LOS ANGELES (CBSLA.com) — There could be more in your wine than you may realize.

For over 20 years, Philip Cavanaugh has been in the wine business, the past three at Rosenthal Estate Wines in Malibu.

CBS2/KCAL9’s Jeff Vaughn reports that now more than ever, Cavanaugh says little vineyards are battling big production.

Cavanaugh says the push for cheaper wine is what’s leading larger producers to use more additives in wine, additives like the ones exposed by Christopher Null of Wired Magazine.

“The perception is that you are drinking fermented grape juice, and that isn’t the truth,” said Null.

Null calls it the industrialization of wine, and says the push to get wine under $10 a bottle is behind the changes.

“When you drink a glass of wine, especially a relatively inexpensive glass of wine, you are drinking a huge array of compounds and chemicals that you have no idea are present in the wine,” he said.

Additives like “Mega Purple” to correct color issues, gelatin for texture, and the most troubling of all, Velcorin, which is used to kill living organisms.

It’s dangerous in large quantities – “so dangerous that has to be handled by special training,” according to Null – but legal in a bottle of wine.

And the oldest additive of all, sulfur dioxide, has been used in wine-making since the 15th century.

Sulfur is an antimicrobial agent and also has antioxidant properties, so it basically keeps the wine free from yeast strains that could start fermentation in the bottle.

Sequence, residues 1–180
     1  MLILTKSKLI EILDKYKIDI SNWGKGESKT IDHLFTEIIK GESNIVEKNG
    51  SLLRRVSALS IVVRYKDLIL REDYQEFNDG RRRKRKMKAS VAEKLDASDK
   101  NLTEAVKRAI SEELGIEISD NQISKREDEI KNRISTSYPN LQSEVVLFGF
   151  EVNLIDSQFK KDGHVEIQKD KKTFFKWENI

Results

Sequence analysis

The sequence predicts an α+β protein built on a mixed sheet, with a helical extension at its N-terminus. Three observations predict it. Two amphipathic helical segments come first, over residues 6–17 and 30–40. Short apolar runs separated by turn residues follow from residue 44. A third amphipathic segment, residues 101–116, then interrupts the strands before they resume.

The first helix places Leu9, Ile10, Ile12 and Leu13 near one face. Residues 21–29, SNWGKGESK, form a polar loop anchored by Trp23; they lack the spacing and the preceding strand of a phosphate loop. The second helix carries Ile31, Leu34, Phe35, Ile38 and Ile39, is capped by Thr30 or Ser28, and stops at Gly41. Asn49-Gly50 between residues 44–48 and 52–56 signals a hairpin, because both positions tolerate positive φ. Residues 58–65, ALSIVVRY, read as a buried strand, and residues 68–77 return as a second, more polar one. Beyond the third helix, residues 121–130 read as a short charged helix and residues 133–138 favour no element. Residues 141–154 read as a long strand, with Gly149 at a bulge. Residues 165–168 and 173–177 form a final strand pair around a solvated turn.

“And it is going to protect it from oxygen, browning the wine,” Null said.

Back at Rosenthal Estate Wines, Cavanaugh says additives in wines are nothing new.

“We are adding the same stuff now that we were adding 25 years ago,” he said.

But he does say there is a clear difference between small wineries and mass-produced wine.

“There are small operations like ours that do about 4,500 cases of wine, and if you compare that to some of the big boys, they are doing million-gallon blades,” said Cavanaugh. “What they are trying to do is mimic us to a large extent. They are trying to get wines that taste like you are doing small batches on a large scale.”

He says consumers can find out what is under the cork by asking questions whenever visiting a winery, and when buying online, check the ingredients list.

And as for a long-term fix? Cavanaugh says he supports industrywide labels on wine.

“Personally, I think that we should label everything that goes into it,” he said. “It looks like as the industry as a whole, the big boys have spent a lot of time and effort making sure that we don’t.

“It’s unfortunate,” he added.

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